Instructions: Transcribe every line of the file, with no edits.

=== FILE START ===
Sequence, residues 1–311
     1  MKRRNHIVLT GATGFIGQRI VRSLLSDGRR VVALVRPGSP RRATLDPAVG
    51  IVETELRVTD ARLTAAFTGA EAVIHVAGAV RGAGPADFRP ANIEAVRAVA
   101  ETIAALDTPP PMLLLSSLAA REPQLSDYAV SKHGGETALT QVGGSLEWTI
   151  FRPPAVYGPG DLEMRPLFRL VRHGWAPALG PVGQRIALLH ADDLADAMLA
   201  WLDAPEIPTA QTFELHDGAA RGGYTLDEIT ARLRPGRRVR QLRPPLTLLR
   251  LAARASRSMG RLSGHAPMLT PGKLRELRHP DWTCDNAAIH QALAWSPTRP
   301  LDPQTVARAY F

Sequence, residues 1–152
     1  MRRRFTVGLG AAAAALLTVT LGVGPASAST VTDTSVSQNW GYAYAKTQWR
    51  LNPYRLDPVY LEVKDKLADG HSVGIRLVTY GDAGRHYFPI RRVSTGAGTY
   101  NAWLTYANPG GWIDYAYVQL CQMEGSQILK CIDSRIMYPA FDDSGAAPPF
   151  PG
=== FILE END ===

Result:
Sequence, residues 1–311
     1  MKRRNHIVLT GATGFIGQRI VRSLLSDGRR VVALVRPGSP RRATLDPAVG
    51  IVETELRVTD ARLTAAFTGA EAVIHVAGAV RGAGPADFRP ANIEAVRAVA
   101  ETIAALDTPP PMLLLSSLAA REPQLSDYAV SKHGGETALT QVGGSLEWTI
   151  FRPPAVYGPG DLEMRPLFRL VRHGWAPALG PVGQRIALLH ADDLADAMLA
   201  WLDAPEIPTA QTFELHDGAA RGGYTLDEIT ARLRPGRRVR QLRPPLTLLR
   251  LAARASRSMG RLSGHAPMLT PGKLRELRHP DWTCDNAAIH QALAWSPTRP
   301  LDPQTVARAY F

Sequence, residues 1–152
     1  MRRRFTVGLG AAAAALLTVT LGVGPASAST VTDTSVSQNW GYAYAKTQWR
    51  LNPYRLDPVY LEVKDKLADG HSVGIRLVTY GDAGRHYFPI RRVSTGAGTY
   101  NAWLTYANPG GWIDYAYVQL CQMEGSQILK CIDSRIMYPA FDDSGAAPPF
   151  PG